Apr 142015
 

World of Obsidian Apocalypse: Life after Undeath

139295

This expansion to LPJr Design’s glorious apocalypse-toolbox clocks in at 25 pages, 1 page front cover, 1 page SRD, 2 pages of advertisement, leaving 21 pages. Of these, one is a buff-sheet, 2 are devoted to a character-sheet, 1 to a combat/initiative tracker sheet and 1 to micro-monster-sheets, leaving us with 16 pages of content, so let’s take a look!

 

We begin, as in the core-book for these apocalypses, with a very brief timeline of destruction in the last 100 years, explaining how things gradually became worse and worse – this time around, the very veil separating life from death has thinned – dangerously so. Sounds familiar? Well, this is essentially Obsidian Apocalypse’s Ghostwalk. So how does this work?

 

When a character dies, he rolls 1d20 + level. If the result is 25+. the character becomes riven, rejecting the threshold of death. Riven change their type to undead (augmented humanoid), do not age, radiate an aura appropriate for the alignment, gain the unnatural aura ability and, they lose their constitution score, instead using Cha for fort-saves, special abilities etc. They thus also become immune to fort-save prompting saves unless they also affect objects. They are destroyed when reaching 0 HP and can heal damage on their own. Riven do not eat, drink, sleep or breathe and cannot reproduce or have sexual desires.

Now pretty interesting, the riven may progress in a kind of 10-level racial paragon class, with d8, 3/4 BAB-progression, good will-saves and they progress darkvision and continue to receive the numerous missing immunities the undead usually receive – in the first 3 levels. They also receive scaling channel resistance and natural armor. They also receive undead-themed spell-like abilities – alas, without specifying the CL – I assume = character level, but I’m not sure. Extremely interesting, the rive also receive a pain pool – the points in this pool can be used to heal creatures…I assume. Why? Because the Transfer Pain ability is terribly opaque. “First, as a standard action, the riven can touch an injured creature to heal it, adding points to his pain pool equal to the damage healed.” – so, does this mean the riven takes the HP as damage? This, alas, is not specified. The Riven may then inflict damage equal to any number of points in the pain pool by executing a touch attack. The points last for cha-mod rounds, but have no caveat for expiring. So, what this effectively means is: INFINITE HEALING! For the whole party! BROKEN!!! URGH. This alone would be enough to disqualify the class in my games, but add the copious immunities at low levels and the lame high level abilities and we have a thoroughly unbalanced class that would have benefited from tighter control, a smoother dispersal of immunities… etc.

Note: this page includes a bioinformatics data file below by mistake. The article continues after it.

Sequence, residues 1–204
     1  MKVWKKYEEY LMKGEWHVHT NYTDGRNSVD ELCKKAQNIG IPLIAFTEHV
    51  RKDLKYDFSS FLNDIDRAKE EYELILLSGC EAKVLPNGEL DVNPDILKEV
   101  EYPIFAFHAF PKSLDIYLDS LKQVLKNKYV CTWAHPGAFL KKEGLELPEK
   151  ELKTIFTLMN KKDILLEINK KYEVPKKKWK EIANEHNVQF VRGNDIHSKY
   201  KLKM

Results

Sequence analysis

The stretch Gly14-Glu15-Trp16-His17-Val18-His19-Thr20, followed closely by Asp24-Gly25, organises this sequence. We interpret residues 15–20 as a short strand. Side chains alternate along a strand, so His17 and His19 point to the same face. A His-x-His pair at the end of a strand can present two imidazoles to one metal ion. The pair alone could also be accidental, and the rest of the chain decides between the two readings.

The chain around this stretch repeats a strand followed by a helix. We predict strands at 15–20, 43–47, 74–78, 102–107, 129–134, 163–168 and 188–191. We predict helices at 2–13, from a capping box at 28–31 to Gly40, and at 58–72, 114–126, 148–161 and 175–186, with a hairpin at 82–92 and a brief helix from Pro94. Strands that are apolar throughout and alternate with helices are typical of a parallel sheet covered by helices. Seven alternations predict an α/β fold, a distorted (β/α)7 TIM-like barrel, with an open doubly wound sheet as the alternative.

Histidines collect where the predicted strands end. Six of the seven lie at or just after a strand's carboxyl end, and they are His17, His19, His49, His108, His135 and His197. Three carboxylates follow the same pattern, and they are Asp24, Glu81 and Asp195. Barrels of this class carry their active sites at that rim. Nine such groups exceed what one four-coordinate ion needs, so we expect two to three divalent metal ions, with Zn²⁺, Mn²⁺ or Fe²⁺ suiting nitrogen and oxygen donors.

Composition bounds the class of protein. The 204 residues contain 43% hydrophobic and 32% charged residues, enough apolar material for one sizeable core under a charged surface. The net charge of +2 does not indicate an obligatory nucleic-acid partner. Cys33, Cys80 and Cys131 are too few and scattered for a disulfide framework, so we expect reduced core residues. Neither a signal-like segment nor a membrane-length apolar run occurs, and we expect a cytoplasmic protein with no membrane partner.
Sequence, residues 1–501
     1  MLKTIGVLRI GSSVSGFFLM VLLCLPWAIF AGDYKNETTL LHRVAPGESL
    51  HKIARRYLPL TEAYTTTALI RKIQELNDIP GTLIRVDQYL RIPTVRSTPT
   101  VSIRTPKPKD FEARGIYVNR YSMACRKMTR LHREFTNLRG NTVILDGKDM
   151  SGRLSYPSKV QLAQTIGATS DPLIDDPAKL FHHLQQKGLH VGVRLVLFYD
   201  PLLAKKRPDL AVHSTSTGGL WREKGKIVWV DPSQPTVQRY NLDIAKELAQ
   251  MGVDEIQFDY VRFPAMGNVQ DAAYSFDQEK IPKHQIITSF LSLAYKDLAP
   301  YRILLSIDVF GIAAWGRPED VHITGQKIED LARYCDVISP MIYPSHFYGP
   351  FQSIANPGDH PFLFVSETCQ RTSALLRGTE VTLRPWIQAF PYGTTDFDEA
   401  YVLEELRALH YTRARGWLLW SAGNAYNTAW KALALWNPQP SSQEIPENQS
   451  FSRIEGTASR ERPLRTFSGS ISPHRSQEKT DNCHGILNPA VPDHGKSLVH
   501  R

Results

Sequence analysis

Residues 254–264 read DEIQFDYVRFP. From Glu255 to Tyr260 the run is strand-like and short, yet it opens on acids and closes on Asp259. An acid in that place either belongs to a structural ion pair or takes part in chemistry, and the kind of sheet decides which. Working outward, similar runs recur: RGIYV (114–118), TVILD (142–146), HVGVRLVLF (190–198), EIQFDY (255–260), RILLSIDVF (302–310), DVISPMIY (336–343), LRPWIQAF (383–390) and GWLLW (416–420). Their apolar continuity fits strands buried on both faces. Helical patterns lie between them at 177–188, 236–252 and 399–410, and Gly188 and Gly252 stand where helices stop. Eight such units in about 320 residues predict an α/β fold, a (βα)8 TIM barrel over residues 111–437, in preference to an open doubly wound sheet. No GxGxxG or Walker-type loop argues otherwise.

The second racial paragon class, the sundered, has one thing in common with the riven – it does not mention class skills per level or a list thereof. The Sundered are also undead, much like the riven, but they also receive the ethereal creature special ability. Note that they thus become immaterial and invisible. Permanently. It should be noted that such creatures, unless they utilize special tricks, cannot influence the material plane. This requires the sundered 10-level racial paragon-class, for example. Sundered can manifest character level times/day and maintain this for cha-mod rounds and the sundered remains incorporeal when manifested. At 10th level, sundered may manifest as physical creatures. The racial paragon-class receives d8, good will-saves, 3/4 BAB-progression. Alas, the immunities of these spirits utilize a similar, even more front-heavy ability progression, meaning that yes, I still consider this pretty broken. Now worse – ethereal as a constant ability means that the sundered, as depicted, will sit around, unable to interact with most material plane creatures, NPCs etc. – it’s the spectator-race! Note that etherealness specifically is defined as being only influenced by force effects and abjurations originating on the prime material plane, BUT NOT vice versa. Yeah. Unpleasant.